‘We are in the beginning of a mass extinction. And all you can talk about is money and fairytales of eternal economic growth.’
Greta Thunberg, September 20191
‘Too much and for too long, we seem to have surrendered personal excellence and community values in the mere accumulation of material things.’
Robert F. Kennedy, March 19682
St Patrick’s Day, 17 March 1968. It was an unseasonably mild Sunday evening. The night air held the promise of an early spring as Senator Robert F. Kennedy arrived in Kansas from New York. He had just that day declared his candidacy for the 1968 Presidential race. To run, he would have to stand against the incumbent President, Lyndon B. Johnson. Senator against President; Democrat against Democrat: it looked like a tough fight ahead and Kennedy was by no means convinced of success.3
But as he stepped down onto the Kansas City tarmac, he and his wife Ethel were besieged by a couple of thousand supporters who broke a police cordon and charged across the runway, shouting ‘Go Bobby Go!’ and demanding a speech. Nothing had been arranged and there was no loudhailer. So Kennedy sportingly threw a few remarks into the wind, before realizing he was barely audible. ‘That was my very first campaign speech,’ he said. ‘Now let’s all clap.’ He clapped his hands, the audience clapped theirs, and everyone laughed. It seemed like an auspicious start to a Presidential campaign.
The Senator was still noticeably nervous the next morning when he arrived at Kansas State University (KSU) for the first formal speech of the campaign. It had been scripted carefully for the occasion by his speechwriter, Adam Walinsky. First impressions matter. None of the campaign team could predict its impact. Kansas was one of the most conservative states in the country, loyal to the establishment and the American flag. It was perhaps the last place that could be expected to show sympathy for Bobby Kennedy’s anti-war message.
He opened, cleverly, with a quote from William Allen White, the former editor of a Kansas newspaper. ‘If our colleges and universities do not breed [students] who riot, who rebel, who attack life with all the youthful vision and vigor, then there is something wrong with our colleges,’ he said. ‘The more riots that come out of our college campuses, the better the world for tomorrow.’ It was a candid appeal to the generation who had brought the anti-Vietnam protest movement out of the ghettos and onto the campuses of liberal, middle-class universities across America. The students loved it. Kennedy’s opening salvo was met with a ‘happy roar’.4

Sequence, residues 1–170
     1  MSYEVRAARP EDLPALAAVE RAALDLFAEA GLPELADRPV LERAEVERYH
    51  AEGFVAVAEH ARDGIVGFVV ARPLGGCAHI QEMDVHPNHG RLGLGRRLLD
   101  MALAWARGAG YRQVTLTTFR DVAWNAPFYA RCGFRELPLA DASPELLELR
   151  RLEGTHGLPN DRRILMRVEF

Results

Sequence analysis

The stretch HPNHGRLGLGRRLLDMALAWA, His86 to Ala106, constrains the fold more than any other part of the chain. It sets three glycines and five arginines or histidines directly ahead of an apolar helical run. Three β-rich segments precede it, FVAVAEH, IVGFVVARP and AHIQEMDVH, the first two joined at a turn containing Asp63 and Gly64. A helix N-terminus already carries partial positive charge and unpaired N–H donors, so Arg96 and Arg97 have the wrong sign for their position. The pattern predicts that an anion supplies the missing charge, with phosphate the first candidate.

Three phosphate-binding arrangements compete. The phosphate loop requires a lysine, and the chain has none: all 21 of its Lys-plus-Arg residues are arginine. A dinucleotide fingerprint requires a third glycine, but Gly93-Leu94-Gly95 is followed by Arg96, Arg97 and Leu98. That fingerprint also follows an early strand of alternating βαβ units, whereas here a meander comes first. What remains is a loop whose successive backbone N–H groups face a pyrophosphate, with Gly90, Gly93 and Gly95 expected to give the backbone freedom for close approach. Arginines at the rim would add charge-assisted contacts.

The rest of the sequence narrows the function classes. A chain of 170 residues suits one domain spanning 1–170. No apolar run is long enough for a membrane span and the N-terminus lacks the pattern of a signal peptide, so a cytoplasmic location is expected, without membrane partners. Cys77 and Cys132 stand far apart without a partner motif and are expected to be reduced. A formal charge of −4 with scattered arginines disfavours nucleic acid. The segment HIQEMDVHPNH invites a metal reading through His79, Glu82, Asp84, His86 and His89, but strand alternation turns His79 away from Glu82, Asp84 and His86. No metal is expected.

The excitement was palpable. The students in the hall – some of them perched on the rafters – cheered wildly at his all-out attack on the Vietnam war, his disdain for the Johnson administration and his outrage at the base morality of contemporary US policies at home and overseas. This was no cautious opening foray in a careful Presidential campaign. It was dynamite. The reception was better than anyone had dared to hope for. Eyewitnesses describe how one journalist, the Look Magazine
photographer Stanley Tettrick, found himself hemmed in by a crowd of students, trying to stay upright in the pandemonium, while shouting to no one in particular: ‘This is Kansas, fucking Kansas! He’s going all the way!’5
Bobby Kennedy was not, as history would have it, ‘going all the way’. But no one knew this, on the opening day of that fateful Presidential campaign. The team were ecstatic. The campaign was launched. The journalists had their story; and the media coverage would do their candidate no harm whatsoever. There was a palpable sense of relief as the entourage made their way to the second speech of the day at KSU’s great sporting rival, the University of Kansas.
Walinsky spent the short journey re-drafting the speech he’d prepared for the second event. It had been intended as a calmer and more considered lecture, showing a more reflective, intellectual side to the Senator. It contained one segment of particular interest here concerning the uses and abuses of the Gross Domestic Product (GDP) – the indicator used to measure economic growth. It was an odd, slightly arcane topic for a campaign speech. A testament to the radicalism of Kennedy’s political vision. It almost didn’t survive the rewrite.
Surprised and delighted by the rapturous response to his morning speech, Kennedy wanted more of the same for the afternoon. So he instructed his speechwriter to ditch the sober content and give the talk a bit of the morning’s edge. What emerged was something that might affectionately be called a ‘mash-up’: sections from earlier speeches woven together with anecdotes and the occasional well-timed joke. By chance the section on the GDP remained. And that simple quirk of fate would turn out to have enormous relevance to this book – and indeed to the life of its author, who was no more than a kid when it all happened.6